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Old 08-29-2019, 09:25 AM   #71
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I was fortunate to have driven many types of large and oversized equipment over the last 60 years and also knew how to check and maintain them. Most of these weight and tire pressure questions along with other RV issues could be answered in a simple two hour class before the newby took the wheel and headed down the road. Any type of formal instruction from a qualified instructor could only help those who have not had experience in a heavy vehicle. I just don't see the problem with requiring certain basic understanding of a 10 to 20 ton box on wheels.
I donít see where anyone here has expressed an opinion that additional testing would be a problem. It currently is not required in many states so your best course of action for change in the laws would be to become an advocate and work with your state legislators. Then move on to the next state.

Since the topic of this thread is weight capacity and not licensing requirements, a proposal that may also prove beneficial would be a federal requirement that every owner of a MH, fifth wheel or TT submit a weight certificate for the entire RV setup when renewing registration and insurance.
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Old 08-29-2019, 07:28 PM   #72
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While searching can be valuable I'm certain everyone has gotten bad info, outdated info, or just confusing answers because the writer is not matched to the understanding level of the reader. Sometimes it's correct to re-ask the question based on your circumstances.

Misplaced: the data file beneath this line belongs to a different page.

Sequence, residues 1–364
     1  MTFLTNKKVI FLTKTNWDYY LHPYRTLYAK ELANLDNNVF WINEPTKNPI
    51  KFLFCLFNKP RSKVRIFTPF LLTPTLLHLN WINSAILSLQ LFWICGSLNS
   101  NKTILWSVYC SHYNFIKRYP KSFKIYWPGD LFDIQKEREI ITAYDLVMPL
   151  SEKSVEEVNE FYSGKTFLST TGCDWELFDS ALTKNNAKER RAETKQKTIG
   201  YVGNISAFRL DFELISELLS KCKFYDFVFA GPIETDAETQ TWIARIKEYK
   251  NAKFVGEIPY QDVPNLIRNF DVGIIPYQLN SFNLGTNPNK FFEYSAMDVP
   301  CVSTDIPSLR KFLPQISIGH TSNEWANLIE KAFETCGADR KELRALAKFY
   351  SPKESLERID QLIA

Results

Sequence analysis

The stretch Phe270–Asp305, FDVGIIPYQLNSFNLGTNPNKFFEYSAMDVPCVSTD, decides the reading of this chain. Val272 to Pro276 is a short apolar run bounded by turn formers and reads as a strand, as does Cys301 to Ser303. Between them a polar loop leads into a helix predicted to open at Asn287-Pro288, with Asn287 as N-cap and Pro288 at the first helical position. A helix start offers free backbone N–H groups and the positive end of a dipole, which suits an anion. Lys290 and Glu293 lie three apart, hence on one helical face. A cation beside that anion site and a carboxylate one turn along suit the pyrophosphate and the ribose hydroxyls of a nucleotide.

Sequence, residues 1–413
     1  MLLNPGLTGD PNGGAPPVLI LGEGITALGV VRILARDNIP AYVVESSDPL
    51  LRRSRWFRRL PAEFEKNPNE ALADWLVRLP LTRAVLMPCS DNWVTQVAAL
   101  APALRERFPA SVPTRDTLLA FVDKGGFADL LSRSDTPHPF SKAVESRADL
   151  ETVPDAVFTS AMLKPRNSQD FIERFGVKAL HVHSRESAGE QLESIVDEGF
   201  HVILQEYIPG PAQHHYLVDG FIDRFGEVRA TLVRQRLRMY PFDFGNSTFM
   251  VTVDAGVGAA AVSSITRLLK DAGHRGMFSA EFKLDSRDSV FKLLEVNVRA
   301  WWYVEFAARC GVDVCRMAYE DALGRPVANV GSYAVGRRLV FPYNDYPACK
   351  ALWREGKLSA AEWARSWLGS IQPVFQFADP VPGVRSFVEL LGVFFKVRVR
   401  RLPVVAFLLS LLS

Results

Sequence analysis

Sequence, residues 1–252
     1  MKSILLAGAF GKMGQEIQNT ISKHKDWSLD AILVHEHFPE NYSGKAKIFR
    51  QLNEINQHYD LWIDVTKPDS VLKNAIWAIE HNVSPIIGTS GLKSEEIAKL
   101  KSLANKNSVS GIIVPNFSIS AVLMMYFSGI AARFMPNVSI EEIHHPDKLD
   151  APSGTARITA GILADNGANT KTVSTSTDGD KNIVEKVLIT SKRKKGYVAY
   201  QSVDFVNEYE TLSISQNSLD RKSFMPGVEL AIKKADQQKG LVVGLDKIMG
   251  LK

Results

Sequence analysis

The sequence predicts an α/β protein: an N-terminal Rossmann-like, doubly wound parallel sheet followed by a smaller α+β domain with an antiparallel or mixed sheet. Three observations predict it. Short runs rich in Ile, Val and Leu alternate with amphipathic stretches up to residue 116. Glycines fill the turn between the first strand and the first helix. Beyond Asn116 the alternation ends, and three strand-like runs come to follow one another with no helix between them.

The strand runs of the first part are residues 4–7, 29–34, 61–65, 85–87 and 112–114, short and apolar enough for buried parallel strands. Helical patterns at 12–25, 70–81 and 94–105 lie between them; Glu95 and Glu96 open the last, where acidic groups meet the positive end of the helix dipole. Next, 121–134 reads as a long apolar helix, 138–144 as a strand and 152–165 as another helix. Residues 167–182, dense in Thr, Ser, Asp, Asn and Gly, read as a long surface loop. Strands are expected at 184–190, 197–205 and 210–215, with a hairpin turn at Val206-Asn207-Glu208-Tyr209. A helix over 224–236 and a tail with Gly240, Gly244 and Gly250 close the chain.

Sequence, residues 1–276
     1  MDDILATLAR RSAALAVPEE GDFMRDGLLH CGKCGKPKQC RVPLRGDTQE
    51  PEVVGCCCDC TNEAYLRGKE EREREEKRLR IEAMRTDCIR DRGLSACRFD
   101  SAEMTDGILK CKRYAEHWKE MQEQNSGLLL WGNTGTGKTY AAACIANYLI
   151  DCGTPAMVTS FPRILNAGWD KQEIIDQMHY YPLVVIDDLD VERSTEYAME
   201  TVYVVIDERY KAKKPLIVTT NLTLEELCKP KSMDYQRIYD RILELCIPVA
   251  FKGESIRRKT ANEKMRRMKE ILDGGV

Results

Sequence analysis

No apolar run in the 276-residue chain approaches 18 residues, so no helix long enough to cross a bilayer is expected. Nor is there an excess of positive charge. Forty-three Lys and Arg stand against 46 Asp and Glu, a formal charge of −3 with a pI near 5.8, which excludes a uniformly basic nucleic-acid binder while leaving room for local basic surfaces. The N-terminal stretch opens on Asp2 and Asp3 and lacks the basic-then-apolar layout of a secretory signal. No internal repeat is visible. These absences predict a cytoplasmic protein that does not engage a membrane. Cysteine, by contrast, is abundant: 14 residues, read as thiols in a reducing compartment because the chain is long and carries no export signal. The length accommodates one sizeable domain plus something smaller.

Personally, I think you should be paid by the post. I've learned a tremendous amount from you and your blog.

Ray



Thanks. I just wish people would spend a couple of minutes checking my blog. I have almost 400 posts on Tires, Valves, and TPMS including an index and over 50 posts on Inflation alone. I even accept direct questions (email published under my picture on the right side of the blog.
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Old 08-29-2019, 09:56 PM   #73
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I've stated it before, but it bears repeating. All of us had to study the traffic laws, pass a written test and demonstrate to a driving inspector our ability to drive a car safely before getting a driver's license. Then some of us who wanted to operate a commercial vehicle had to do more studying, take another test and demonstrate not only our ability to operate that vehicle, but also how to inspect the brakes and keep the unit safe. If you want a motorcycle endorsement, it's another written and driving test. Why is it that all you have to do to legally drive a motorhome weighing over ten times more than your car in many states is write a check and sign your name?? Why aren't MH owners required to prove they have the ability to operate it safely and the knowledge of how to maintain and keep it operationally safe??

I look no further than the states that have implemented an RV drivers license as an example of why and how this should not be done. It seems many / most of them have simply taken the existing CDL testing requirements and removed a few particularly non-relevant bits, leaving many other non-relevant bits in.